• Mass transfer study on CO₂ penetration through methane hydrates using CO₂ vapor and a CO₂ nucleated micro-emulsion

      White, Aaron N. (2003-12)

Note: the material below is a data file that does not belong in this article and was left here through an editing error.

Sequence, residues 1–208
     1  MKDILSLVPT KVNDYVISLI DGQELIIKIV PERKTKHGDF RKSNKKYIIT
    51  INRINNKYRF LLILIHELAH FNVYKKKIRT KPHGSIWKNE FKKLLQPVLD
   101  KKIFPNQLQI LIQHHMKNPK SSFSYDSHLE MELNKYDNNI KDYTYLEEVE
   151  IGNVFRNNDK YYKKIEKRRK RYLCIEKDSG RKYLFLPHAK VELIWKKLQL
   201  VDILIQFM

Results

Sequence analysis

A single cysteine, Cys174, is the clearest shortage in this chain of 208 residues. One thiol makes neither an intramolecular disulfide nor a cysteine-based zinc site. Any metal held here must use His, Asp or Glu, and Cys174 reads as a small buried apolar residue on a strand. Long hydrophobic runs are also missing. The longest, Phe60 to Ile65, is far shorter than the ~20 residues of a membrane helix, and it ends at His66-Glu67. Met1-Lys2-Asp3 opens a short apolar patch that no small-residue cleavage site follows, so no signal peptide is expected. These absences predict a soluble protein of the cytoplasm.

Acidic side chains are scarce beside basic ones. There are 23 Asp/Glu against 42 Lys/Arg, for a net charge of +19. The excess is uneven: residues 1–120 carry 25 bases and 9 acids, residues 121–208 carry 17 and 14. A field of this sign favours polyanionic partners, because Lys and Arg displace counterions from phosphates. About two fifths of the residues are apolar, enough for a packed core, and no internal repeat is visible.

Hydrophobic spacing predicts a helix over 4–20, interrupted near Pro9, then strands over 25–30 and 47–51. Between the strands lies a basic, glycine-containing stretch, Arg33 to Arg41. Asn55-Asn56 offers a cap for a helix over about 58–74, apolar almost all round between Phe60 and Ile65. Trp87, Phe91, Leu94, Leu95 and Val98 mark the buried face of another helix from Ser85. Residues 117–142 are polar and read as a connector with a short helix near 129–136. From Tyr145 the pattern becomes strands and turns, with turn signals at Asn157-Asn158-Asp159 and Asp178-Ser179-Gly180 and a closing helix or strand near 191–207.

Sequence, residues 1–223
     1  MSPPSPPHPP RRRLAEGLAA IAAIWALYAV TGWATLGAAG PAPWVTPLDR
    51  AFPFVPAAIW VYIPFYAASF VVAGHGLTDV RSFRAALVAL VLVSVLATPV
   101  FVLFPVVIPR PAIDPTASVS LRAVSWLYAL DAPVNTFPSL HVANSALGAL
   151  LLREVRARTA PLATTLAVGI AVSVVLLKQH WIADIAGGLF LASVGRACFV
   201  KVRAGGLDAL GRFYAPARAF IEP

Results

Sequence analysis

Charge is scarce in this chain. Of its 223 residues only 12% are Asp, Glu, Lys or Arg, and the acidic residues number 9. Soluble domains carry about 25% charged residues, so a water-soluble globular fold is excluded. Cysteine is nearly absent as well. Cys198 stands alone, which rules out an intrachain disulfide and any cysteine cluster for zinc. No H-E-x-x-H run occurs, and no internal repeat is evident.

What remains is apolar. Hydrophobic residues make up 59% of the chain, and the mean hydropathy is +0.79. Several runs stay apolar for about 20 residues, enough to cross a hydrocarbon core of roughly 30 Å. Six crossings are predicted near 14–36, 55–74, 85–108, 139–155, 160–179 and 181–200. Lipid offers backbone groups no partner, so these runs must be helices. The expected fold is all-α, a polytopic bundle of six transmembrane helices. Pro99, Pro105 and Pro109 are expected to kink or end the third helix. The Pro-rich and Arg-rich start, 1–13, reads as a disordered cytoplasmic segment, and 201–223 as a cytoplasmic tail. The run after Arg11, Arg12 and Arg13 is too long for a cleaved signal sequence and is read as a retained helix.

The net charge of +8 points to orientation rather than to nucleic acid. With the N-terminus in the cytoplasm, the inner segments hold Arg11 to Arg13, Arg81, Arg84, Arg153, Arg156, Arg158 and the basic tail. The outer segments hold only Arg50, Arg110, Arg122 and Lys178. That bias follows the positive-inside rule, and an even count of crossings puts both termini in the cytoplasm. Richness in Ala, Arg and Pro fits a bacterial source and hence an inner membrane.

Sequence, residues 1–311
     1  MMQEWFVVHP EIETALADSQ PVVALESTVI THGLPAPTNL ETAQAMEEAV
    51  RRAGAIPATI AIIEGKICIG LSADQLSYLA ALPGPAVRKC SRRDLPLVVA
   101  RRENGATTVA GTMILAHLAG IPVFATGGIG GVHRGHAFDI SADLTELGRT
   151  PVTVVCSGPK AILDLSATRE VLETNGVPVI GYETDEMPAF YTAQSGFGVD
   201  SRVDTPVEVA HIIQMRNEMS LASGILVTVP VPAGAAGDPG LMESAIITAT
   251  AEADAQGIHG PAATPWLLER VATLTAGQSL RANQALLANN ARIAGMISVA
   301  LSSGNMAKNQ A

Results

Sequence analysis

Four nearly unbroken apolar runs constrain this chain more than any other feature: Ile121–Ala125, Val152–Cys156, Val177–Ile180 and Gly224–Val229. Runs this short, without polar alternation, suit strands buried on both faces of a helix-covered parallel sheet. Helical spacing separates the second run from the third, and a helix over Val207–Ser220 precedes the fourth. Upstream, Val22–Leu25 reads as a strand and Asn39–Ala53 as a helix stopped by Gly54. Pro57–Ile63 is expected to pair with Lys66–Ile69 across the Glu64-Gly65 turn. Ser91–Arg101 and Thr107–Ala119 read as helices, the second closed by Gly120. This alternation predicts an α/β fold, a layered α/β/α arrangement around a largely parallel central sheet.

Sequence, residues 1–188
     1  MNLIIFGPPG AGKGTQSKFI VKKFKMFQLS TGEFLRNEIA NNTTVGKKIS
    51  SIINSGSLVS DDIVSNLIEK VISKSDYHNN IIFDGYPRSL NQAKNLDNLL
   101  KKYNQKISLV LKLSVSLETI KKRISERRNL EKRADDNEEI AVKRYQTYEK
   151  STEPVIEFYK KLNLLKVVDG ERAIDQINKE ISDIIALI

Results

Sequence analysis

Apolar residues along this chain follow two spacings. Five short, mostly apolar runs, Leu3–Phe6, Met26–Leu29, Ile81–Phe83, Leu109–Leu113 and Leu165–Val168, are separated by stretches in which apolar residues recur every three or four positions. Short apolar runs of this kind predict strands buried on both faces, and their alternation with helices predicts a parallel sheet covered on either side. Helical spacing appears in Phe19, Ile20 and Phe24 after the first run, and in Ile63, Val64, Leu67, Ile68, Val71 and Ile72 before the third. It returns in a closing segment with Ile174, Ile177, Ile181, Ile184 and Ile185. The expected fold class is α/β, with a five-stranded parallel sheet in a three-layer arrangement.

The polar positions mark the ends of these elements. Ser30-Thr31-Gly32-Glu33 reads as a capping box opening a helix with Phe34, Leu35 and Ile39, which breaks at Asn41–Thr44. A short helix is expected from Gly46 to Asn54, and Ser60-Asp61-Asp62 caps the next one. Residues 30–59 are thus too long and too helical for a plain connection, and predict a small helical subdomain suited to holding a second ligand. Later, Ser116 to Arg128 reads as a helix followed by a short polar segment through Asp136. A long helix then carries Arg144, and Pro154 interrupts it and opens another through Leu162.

Gas hydrates are solid inclusion compounds that are made up of ice and large amounts of guest gas molecules. Due to their abundance in nature and the ability to entrap large amounts of natural gas, progress towards tapping this energy resource is on the forefront of research. Much research on the kinetics of formation and decomposition needs to be completed. This study was comprised of the identification of CH₄ and CO₂ through their characteristic Peak Raman shifts, the determination of the mass transfer rates of CO₂ through pre-formed methane hydrate, and an experimental injectant using a dissociated CO₂ micro-emulsion to help destabilize the CH₄ hydrate zone. Identification experiments showed that characteristic peak locations were instrument dependent and that O-H stretch analysis could help in the determination of the phase gas was in. Mass transfer rates were obtained for CO₂ penetration through methane hydrates by a headspace swap in an associated free gas zone. Experimental temperatures of the hydrate zone were 0, 2.5, and 4.5°C. Results indicate that CO₂ can penetrate into CH₄ hydrate zone by dissociating the CH4 from a hydrate phase and stabilizing the mixed CO₂-CH₄ hydrates. The process is slow in the magnitude of 10⁻⁸ meters per second.